(b) As used in this Article, the phrase “This State and all political subdivisions of this State” shall include every entity, person, action or item described in this Section, as appropriate to the circumstances. § 2. Requiring this state to preserve, protect and enhance English
Section 2. This State and all political subdivisions of this State shall take all reasonable steps to preserve, protect and enhance the role of the English language as the official language of the State of Arizona. § 3. Prohibiting this state from using or requiring the use of languages other than English; exceptions
Section 3. (1) Except as provided in Subsection (2):
(a) This State and all political subdivisions of this State shall act in English and in no other language.
(b) No entity to which this Article applies shall make or enforce a law, order, decree or policy which requires the use of a language other than English.
(c) No governmental document shall be valid, effective or enforceable unless it is in the English language.
(2) This State and all political subdivisions of this State may act in a language other than English under any of the following circumstances:
(a) to assist students who are not proficient in the English language, to the extent necessary to comply with federal law, by giving educational instruction in a language other than English to provide as rapid as possible a transition to English.
(b) to comply with other federal laws.
(c) to teach a student a foreign language as a part of a required or voluntary educational curriculum.
(d) to protect public health or safety.
(e) to protect the rights of criminal defendants or victims of crime. § 4. Enforcement; standing
Section 4. A person who resides in or does business in this State shall have standing to bring suit to enforce this Article in a court of record of the State. The Legislature may enact reasonable limitations on the time and manner of bringing suit under this subsection.
[*] Briefs of amici curiae urging reversal were filed for the FLA-187 Committee et al. by Stanley W. Sokolowski; for the Pacific Legal Foundation by Sharon L. Browne; for U. S. English, Inc., by Leonard J. Henzke, Jr.; for the Washington Legal Foundation et al. by Richard K. Willard, Bennett Evan Cooper, Daniel J. Popeo, Richard A. Samp, and Don Stenberg; and for Thurston Greene, pro se.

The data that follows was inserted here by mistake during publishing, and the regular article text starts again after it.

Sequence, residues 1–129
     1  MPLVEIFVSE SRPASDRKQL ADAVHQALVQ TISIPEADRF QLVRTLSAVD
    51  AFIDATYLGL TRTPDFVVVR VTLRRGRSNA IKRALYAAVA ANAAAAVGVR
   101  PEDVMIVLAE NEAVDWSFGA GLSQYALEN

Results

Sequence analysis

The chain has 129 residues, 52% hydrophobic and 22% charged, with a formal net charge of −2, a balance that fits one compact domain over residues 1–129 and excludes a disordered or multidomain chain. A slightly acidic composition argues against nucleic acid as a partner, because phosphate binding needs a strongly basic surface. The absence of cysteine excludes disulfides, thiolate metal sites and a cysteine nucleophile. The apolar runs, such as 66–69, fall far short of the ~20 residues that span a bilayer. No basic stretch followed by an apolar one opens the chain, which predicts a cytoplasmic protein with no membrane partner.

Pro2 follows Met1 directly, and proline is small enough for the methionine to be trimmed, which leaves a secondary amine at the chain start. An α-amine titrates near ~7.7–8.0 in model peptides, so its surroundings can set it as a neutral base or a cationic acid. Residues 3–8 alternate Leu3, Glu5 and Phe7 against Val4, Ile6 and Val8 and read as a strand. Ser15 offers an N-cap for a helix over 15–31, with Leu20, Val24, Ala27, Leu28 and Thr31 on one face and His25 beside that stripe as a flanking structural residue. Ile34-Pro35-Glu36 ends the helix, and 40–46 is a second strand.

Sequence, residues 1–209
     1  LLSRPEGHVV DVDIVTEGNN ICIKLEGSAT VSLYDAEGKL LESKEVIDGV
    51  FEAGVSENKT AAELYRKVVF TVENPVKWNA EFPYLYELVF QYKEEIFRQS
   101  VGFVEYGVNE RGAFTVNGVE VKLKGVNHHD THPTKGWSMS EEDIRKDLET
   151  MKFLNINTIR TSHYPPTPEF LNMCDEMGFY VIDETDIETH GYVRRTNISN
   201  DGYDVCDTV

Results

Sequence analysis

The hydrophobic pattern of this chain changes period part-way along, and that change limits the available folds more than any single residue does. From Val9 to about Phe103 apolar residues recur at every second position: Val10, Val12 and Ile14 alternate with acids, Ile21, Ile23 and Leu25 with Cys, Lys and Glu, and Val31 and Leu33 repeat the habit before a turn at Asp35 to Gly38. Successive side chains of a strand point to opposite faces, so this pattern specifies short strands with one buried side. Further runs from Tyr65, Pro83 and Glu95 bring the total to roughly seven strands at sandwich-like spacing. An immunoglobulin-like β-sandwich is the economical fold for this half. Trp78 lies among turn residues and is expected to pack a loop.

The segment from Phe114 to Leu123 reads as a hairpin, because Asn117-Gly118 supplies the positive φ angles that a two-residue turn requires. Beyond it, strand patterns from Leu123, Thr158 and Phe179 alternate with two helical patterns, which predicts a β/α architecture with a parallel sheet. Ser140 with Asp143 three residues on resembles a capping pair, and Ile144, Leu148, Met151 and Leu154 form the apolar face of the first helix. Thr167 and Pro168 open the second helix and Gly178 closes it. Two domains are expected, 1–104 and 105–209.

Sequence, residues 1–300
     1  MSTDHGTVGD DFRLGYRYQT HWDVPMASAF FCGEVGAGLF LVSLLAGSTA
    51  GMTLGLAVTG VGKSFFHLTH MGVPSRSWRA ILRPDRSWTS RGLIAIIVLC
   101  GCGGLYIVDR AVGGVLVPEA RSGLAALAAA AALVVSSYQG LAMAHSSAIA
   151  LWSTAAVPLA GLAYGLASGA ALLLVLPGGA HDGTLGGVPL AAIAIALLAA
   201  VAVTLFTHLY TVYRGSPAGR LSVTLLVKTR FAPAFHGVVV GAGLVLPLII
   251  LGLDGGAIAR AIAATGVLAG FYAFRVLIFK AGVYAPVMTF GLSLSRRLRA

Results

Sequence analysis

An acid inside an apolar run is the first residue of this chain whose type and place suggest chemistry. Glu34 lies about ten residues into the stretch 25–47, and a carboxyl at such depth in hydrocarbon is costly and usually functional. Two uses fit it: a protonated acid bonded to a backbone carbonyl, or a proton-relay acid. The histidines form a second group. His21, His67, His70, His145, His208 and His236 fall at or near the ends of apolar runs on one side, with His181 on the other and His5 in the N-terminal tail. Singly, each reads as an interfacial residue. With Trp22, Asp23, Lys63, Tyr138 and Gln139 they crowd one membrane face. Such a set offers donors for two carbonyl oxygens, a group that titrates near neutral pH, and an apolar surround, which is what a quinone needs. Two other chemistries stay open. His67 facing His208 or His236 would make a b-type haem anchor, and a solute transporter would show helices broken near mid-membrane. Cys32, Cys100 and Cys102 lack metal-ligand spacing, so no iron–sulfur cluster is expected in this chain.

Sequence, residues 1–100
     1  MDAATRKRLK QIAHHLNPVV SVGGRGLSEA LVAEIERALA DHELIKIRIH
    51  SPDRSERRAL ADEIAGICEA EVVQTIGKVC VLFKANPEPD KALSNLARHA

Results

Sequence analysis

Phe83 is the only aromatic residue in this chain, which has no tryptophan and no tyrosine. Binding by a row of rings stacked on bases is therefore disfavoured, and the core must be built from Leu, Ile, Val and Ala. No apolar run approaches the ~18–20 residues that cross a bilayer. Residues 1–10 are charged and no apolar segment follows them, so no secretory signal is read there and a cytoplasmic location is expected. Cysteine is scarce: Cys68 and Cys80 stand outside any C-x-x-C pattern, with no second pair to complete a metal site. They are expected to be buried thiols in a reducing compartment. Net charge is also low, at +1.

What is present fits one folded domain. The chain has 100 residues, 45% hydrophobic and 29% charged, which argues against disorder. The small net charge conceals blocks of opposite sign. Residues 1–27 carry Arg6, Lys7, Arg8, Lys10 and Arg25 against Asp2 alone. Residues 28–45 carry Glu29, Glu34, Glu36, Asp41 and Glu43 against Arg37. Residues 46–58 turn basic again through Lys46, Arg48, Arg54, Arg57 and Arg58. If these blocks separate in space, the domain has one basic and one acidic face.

Briefs of amici curiae urging affirmance were filed for the State of New Mexico by Tom Udall, Attorney General, Manuel Tijerina, Deputy Attorney General, and Gerald T. E. Gonzalez, Tannis L. Fox, Laura Fashing, Elizabeth A. Glenn, and William S. Keller, Assistant Attorneys General; for the American Civil Liberties Union et al. by Edward M. Chen, Steven R. Shapiro, Marjorie Heins, and Robert L. Rusky; for the Hawaii Civil Rights Commission et al. by John H. Ishihara, Carl C. Christensen, and Eric K. Yamamoto; for Human Rights Watch by Allan Blumstein and Kenneth Roth; for the Linguistic Society of America et al. by Peter M. Tiersma; for the Mexican American Legal Defense and Educational Fund by E. Richard Larson; for the National Council of La Raza et al. by Joseph N. Onek, William D. Wallace, and Javier M. Guzman; for the Navajo Nation by Thomas W. Christie; for the Puerto Rican Legal Defense and Education Fund et al. by Kenneth Kimerling, Karen K. Narasaki, and Richard Albores; and for Representative Nydia M. Velazquez et al. by Walter A. Smith, Jr., and Audrey J. Anderson.
Acting Solicitor General Dellinger, Assistant Attorney General Hunger, Deputy Solicitor General Kneedler, Deputy Assistant Attorney Gen- eral Preston, Irving L. Gornstein, and Anthony J. Steinmeyer filed a brief for the United States as amicus curiae.
 The measure, opposed by the Governor as “sadly misdirected,” App. 38, drew the affirmative votes of 50.5% of Arizonans casting ballots in the election, see Yniguez v. Arizonans for Official English, 69 F. 3d 920, 924 (CA9 1995).